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Skull Fractures

Last Updated: March 13, 2020

Figure 1: Axial CT through the skull base demonstrates linear lucency through the greater wing of the left sphenoid bone representing a simple nondisplaced fracture. Small nondisplaced fractures can also mimic suture lines. Careful attention to symmetry and review of an anatomic atlas may aid in differentiating the two.

Figure 2: CT on bone window (top row left) clearly demonstrates a depressed right calvarial fracture with override of the fragments. Low density foci of scalp soft tissue emphysema and pneumocephalus are also visible. CT on brain window in the same patient makes the left subdural hematoma much more clearly visible. Midline shift is also present indicating subfalcine herniation (top row right). The basal cisterns are also effaced in this patient (bottom row), indicating the degree of mass effect from edema and hematoma.

Figure 3: Coronal CT views of the upper cervical spine is often the best way to detect type III occipital condyle fracture, an unstable injury due to avulsion of the alar ligament.

Figure 4: Comminuted fractures traverse the orbital and paranasal sinus walls on this coronal CT of the maxillofacial area (left). The fracture lines also involve the sphenoid bone and fovea ethmoidalis (roof of the ethmoid air cells). Axial images (right) demonstrate layering material in the maxillary and left sphenoid sinuses representing blood and possibly CSF, given the patient’s elevated risk related to the fracture pattern.

  • Can be asymptomatic
  • Can cause serious injury to vessels (arteries, veins, and dural venous sinuses), cranial nerves and the underlying brain
  • Morphology can be simple, comminuted, linear, depressed or elevated, overriding, and closed or open
  • Middle cranial fossa is the weakest with thin bones and multiple foramina and is more prone to fracture

Neuroimaging

  • Skull Radiograph
    • Non-preferred modality to evaluate a fracture
    • Fracture visualized as a linear calvarial lucency
    • Very few non-displaced fractures are better visible on radiographs than on CT
    • CT Angiogram is used to evaluate for associated vascular injury
  • CT findings

    • Primary tool for evaluation of skull fractures
    • Scout view can act as a radiograph to increase the sensitivity for horizontally oriented skull fractures
    • Linear fracture
      • Sharply delineated lucent line (See Figure 1; for additional illustrations reference the Epidural Hematoma chapter)
    • May have overlying scalp edema and underlying extra-axial hematoma
    • Depressed fracture (See Figure 2)

      • Fracture with inward displacement of the fractured fragment; which is usually palpable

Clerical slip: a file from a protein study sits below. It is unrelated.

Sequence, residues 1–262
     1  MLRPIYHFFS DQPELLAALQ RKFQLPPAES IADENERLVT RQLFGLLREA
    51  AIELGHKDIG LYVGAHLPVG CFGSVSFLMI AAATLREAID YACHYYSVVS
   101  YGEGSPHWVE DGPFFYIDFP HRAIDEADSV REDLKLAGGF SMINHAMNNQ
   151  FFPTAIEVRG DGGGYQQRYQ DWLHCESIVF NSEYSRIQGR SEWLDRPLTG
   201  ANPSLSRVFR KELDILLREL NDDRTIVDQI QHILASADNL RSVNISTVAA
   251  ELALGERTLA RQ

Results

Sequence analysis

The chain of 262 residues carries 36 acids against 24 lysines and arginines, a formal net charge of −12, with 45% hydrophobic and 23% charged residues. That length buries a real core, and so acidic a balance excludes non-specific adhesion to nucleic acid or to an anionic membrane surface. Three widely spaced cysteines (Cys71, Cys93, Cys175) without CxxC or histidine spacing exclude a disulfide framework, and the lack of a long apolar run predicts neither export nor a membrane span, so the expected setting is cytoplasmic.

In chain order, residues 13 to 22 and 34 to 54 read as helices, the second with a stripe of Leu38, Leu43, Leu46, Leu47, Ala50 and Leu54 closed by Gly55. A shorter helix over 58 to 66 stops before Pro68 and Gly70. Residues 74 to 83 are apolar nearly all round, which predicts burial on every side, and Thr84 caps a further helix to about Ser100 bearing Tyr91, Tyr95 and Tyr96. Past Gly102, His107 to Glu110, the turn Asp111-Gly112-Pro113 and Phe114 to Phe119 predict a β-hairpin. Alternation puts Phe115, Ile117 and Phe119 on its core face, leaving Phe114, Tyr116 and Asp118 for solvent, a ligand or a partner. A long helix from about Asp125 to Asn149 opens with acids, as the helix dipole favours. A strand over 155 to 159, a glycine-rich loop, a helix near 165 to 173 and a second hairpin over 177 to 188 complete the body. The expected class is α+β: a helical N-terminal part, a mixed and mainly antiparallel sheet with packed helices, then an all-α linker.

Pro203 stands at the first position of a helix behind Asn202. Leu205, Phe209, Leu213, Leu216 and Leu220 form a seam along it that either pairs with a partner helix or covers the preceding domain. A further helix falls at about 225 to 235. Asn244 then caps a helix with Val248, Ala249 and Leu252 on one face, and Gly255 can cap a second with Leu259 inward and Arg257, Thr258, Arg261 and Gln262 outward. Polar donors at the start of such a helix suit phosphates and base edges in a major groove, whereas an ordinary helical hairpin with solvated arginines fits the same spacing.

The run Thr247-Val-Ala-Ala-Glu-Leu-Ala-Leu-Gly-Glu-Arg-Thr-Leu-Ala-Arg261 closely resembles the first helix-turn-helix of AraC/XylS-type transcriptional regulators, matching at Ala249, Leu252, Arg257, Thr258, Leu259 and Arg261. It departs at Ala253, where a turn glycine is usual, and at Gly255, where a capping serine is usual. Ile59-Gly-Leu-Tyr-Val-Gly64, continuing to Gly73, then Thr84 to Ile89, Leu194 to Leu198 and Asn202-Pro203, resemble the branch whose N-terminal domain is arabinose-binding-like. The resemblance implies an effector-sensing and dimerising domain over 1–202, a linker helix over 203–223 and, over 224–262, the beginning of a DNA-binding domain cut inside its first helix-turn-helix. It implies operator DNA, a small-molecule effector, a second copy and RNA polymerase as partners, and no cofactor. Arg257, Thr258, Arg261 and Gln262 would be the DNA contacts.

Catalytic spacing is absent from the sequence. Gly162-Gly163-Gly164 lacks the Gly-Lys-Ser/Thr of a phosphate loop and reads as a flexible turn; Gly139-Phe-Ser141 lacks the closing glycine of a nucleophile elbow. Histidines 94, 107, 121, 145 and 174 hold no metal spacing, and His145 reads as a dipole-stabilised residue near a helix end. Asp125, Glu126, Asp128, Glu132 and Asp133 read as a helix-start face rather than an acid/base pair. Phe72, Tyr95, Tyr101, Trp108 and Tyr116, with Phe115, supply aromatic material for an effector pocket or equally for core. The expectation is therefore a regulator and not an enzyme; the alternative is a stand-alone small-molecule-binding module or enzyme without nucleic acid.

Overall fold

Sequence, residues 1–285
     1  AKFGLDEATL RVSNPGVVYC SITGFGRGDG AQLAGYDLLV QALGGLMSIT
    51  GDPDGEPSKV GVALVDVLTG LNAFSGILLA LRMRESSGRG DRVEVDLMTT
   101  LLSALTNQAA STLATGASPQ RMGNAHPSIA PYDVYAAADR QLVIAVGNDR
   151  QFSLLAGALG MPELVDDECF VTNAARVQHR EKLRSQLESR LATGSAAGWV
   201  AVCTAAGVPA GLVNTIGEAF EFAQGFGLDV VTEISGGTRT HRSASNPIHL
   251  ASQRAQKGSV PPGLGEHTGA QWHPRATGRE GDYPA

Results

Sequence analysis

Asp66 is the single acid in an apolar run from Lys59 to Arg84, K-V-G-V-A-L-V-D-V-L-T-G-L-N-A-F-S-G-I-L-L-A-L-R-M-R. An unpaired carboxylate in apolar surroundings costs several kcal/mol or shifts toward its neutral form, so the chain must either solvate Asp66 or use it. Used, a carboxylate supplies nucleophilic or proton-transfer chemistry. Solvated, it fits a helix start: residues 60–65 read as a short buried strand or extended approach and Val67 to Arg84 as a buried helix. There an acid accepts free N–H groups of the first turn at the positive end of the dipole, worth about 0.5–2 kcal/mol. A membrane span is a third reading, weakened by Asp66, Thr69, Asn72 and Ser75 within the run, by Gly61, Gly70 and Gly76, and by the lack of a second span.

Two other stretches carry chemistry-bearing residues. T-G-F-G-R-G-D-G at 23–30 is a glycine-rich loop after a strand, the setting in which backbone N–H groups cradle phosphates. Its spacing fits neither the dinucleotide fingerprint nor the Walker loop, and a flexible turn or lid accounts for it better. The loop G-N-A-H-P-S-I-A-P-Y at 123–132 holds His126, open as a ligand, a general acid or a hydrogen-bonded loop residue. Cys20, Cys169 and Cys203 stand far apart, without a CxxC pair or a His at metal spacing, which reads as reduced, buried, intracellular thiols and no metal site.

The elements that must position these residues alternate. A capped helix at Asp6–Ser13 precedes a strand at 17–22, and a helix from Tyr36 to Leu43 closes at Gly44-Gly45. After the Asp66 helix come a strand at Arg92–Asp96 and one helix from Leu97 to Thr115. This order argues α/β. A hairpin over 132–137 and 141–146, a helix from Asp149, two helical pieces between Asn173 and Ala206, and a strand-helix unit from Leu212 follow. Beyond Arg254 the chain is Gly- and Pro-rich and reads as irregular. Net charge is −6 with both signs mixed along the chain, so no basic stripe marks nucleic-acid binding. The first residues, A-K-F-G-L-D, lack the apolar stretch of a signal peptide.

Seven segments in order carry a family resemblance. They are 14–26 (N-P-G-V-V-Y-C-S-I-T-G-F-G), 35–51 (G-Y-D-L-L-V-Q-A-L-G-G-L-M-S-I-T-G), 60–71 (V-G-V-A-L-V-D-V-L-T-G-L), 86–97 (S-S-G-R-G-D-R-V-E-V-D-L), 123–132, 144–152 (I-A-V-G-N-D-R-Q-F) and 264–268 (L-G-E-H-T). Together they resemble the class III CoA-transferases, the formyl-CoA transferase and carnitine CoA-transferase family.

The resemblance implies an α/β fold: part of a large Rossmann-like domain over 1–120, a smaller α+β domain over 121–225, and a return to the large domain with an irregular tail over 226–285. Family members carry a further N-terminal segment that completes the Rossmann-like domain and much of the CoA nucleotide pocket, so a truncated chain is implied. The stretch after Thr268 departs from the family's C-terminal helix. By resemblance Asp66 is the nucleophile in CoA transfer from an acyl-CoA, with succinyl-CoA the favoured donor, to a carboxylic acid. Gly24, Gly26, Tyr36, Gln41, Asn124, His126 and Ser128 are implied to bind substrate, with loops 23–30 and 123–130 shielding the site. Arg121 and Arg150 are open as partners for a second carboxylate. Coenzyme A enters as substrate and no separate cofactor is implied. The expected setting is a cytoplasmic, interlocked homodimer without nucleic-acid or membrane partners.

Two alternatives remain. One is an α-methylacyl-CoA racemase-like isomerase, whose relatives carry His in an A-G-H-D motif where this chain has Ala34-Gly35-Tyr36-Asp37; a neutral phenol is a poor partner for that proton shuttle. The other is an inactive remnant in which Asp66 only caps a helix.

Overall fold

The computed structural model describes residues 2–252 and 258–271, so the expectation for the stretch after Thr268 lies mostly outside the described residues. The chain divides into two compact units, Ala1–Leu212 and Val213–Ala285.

• Often associated with extra-axial hemorrhage
      • May see underlying dural venous sinus compromise
      • More likely associated with underlying brain contusion
    • Skull base fracture

      • Can cause pneumocephalus and air within TMJ glenoid fossa
      • May cause air-fluid level within adjacent mastoid air cells or paranasal sinuses that clinically presents with CSF rhinorrhea, CSF otorrhea, hemotympanum
      • When involving the temporal bones:
        • 70-90% are longitudinal; these present with conductive hearing loss
        • 20 – 30% are transverse; these present with neurosensory hearing loss (Holland BA, Brant-zawadzki M. High-resolution CT of temporal bone trauma. AJR Am J Roentgenol. 1984;143 (2): 391-5)
      • Occipital condylar fracture (See Figure 3)

        • Avulsion injury at the site of alar ligament attachment
        • Best seen on coronal CT images
        • Associated clinical symptoms include coma, associated cervical spinal injuries, lower CN deficits, hemiplegia, quadriplegia, Collet-Sicard syndrome (CN 9, 10, 11, 12 deficits)
      • Sphenoid bone fracture

        • May cause CSF leak (See Figure 4)
  • MRI findings

    • MRI is obtained in complicated cases
    • T2 weighted imaging delineates dural injury
    • FLAIR helps delineate cerebral contusion, which shows up as hyperintense signal
    • T2*/GRE/SWI identifies foci of hemorrhage susceptibility
    • MR Angiogram detects arterial injury
    • MR Venogram detects venous injury
  • Differential Diagnoses for fracture

    • Suture line
    • Vascular groove
    • Arachnoid granulation
    • Venous lake

For more information, please see the corresponding chapter in Radiopaedia.

Contributor: Priya Rajagopalan, MD

DOI: https://doi.org/10.18791/nsatlas.v1.03.04.02.01

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